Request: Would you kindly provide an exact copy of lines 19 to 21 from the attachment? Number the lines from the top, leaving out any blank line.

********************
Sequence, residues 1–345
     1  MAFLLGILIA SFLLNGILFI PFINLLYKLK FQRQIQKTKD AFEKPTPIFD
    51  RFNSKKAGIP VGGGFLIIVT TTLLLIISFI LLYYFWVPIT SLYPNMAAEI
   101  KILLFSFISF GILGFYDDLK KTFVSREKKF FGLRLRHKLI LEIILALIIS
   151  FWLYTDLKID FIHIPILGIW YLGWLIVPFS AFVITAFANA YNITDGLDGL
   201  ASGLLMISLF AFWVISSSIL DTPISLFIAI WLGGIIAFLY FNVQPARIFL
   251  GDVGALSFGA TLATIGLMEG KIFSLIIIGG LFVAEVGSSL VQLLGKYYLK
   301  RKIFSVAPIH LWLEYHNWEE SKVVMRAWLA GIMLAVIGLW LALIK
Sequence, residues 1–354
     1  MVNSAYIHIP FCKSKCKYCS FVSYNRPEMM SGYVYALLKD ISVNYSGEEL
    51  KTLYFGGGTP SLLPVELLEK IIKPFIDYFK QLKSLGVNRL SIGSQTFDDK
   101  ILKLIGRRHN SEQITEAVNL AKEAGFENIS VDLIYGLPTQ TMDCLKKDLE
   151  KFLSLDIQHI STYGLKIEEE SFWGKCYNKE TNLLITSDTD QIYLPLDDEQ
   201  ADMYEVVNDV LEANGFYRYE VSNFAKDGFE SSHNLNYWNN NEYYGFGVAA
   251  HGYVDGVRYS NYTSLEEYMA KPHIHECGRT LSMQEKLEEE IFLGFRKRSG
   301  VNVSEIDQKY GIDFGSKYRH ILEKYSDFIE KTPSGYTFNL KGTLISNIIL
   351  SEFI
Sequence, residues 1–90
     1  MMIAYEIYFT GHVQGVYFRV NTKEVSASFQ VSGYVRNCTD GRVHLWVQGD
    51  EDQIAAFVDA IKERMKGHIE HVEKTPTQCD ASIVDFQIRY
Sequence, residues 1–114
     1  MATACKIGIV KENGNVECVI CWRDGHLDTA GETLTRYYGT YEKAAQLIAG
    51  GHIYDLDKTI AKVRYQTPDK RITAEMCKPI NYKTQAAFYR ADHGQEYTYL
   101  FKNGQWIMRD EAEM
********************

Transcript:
     1  MMIAYEIYFT GHVQGVYFRV NTKEVSASFQ VSGYVRNCTD GRVHLWVQGD
    51  EDQIAAFVDA IKERMKGHIE HVEKTPTQCD ASIVDFQIRY
Sequence, residues 1–114